Summit Snow Tigers youth football wins Rocky Mountain championship
FRISCO — Despite having only 22 players on the roster, the Summit Snow Tigers fourth- and fifth-grade youth football team (5-2) won this season’s Rocky Mountain Showdown championship.
On Oct. 19 in Kremmling, Summit avenged a pair of losses earlier in the season to Kremmling, winning 13-12 in a classic run-heavy football game.
In his first season as Snow Tigers head coach, Dan Cotter brought a new level of teamwork, devotion and desire to the program, director McChan Rawson said.
Cotter also had the Snow Tigers play a more between-the-tackles style of offense throughout the season against Rocky Mountain competition, compiling a 4-2 record in the regular season before the Rocky Mountain Showdown. In the championship game, Summit scored the eventual game-winning one-point conversion just before halftime on a quarterback sneak by Bodie Heenek. The moment, with Heenek’s teammates pushing the pile behind him, was something akin to scenes from the movie “Little Giants.”
“And then after that, it became a game of defense,” Cotter said.
The offensive struggle for Summit and Kremmling was a testament to each team’s defensive efforts, Cotter said, as each team became accustomed to moving the ball and scoring points frequently through the regular season. It all led up to a defensive stand to win the game when Summit decided to punt from its own 45-yard line. Kremmling burst one 25-yard gain before the Snow Tigers clamped down to recover the ball on a turnover on downs and run out the clock.
“It was just a game full of heart on both sides, an amazing game,” Cotter said. “The crowd was super loud on both sides. And when the game became defense, the ball stayed at the middle of the field for three quarters. It was pretty awesome.”
Summit’s win was Kremmling’s first loss in three seasons. The Snow Tigers were led in the game by captains Raum Allegretto, Charlie Cotter, Bodie Hennek and Matias Salcedo.
In his first season coaching Colorado youth football, Cotter said the Snow Tigers team respected Kremmling throughout the season, as they lost twice to the league favorite. Cotter said he was impressed by the Kremmling team’s approach to the sport, with a level of toughness similar to what he previously experienced coaching in New Hampshire. With that, Cotter said the team’s goal early in the season became to defeat Kremmling.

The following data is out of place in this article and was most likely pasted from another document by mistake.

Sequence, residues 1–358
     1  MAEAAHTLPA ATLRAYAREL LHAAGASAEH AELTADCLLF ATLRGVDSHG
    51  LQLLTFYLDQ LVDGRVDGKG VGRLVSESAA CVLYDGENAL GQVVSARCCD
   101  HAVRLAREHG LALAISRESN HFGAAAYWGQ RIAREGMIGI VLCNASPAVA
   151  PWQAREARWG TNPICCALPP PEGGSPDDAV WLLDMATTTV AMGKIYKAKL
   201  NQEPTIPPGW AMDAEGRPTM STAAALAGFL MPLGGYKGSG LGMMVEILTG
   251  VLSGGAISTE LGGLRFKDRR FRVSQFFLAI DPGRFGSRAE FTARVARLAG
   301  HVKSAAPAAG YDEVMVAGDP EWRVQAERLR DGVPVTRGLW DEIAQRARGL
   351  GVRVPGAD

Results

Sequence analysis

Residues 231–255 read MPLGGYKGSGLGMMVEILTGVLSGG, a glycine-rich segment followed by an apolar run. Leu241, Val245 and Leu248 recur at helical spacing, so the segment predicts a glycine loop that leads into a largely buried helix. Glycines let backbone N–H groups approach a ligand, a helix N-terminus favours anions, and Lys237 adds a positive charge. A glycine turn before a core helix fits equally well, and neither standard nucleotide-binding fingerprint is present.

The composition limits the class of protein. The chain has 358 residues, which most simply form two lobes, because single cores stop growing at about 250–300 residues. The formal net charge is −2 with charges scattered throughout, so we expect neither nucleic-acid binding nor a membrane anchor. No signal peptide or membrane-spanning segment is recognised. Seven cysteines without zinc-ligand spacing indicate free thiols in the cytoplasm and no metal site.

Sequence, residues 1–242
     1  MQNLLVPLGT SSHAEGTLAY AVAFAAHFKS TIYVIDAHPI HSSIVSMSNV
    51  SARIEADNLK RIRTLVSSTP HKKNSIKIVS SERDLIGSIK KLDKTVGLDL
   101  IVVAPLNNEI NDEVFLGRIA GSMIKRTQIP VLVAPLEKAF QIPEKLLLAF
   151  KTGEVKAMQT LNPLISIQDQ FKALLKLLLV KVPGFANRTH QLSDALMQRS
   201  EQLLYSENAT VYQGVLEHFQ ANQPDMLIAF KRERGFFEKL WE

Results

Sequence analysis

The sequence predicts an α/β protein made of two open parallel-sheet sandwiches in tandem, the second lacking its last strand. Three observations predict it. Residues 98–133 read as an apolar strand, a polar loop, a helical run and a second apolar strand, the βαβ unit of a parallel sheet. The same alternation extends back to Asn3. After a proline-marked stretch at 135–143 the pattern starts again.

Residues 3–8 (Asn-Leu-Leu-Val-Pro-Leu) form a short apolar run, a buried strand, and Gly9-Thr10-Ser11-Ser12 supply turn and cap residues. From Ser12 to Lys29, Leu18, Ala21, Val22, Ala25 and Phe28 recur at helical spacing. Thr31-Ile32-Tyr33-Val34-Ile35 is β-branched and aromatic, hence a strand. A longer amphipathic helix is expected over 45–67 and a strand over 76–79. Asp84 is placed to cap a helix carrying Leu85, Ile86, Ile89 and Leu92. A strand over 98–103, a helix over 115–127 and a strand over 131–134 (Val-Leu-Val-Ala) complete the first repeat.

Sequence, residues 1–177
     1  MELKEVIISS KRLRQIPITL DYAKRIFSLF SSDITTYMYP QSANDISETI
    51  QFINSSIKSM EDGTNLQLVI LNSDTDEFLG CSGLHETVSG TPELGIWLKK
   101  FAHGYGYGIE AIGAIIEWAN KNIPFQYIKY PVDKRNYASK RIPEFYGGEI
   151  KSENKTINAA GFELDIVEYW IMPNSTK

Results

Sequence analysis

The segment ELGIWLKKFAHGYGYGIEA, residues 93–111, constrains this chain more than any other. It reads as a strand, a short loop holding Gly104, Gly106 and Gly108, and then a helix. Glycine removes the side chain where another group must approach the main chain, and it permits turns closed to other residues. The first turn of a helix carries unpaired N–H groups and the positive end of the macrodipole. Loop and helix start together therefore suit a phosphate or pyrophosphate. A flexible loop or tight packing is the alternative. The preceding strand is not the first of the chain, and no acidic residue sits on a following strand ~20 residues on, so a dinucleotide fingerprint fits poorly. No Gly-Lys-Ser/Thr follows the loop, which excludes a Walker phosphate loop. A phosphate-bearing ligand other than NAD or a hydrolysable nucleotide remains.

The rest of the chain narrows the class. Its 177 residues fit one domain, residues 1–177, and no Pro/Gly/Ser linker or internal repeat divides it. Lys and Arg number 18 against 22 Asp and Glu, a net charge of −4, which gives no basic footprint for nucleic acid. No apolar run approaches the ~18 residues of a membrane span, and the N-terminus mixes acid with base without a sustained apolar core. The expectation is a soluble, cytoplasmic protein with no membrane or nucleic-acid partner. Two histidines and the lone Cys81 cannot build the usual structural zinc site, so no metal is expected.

“In New Hampshire, we played a really tough hard-nosed style of football,” Cotter said. “We mostly keep it on the ground, not a lot of passing. And that’s what I instituted here with this team because we have a lot of big tough kids, and that’s the way I like to play football — I like to play football tough. A lot of the opponents we play do a lot of reverses or just run around the outside. We like to pound the ball right up the middle with our big guys. That’s what we started out with and stuck with. We tried to create a little ball of fire.”
Looking ahead, Rawson is hopeful the Snow Tigers program can grow its numbers after only 12 kids played with the younger team, the second and third grade team, this season. Despite the lack of players, the younger team went 4-2, behind Kremmling.
As for the older team, after a season full of losses in 2018, Rawson is happy they had this season’s childhood championship experience.
“They usually struggled winning games,” Rawson said. “So it was impressive for them to pull it off this year. And I think just the cohesion in the team, the team effort, all of the guys worked really good together. They worked really hard to come together as a team.”
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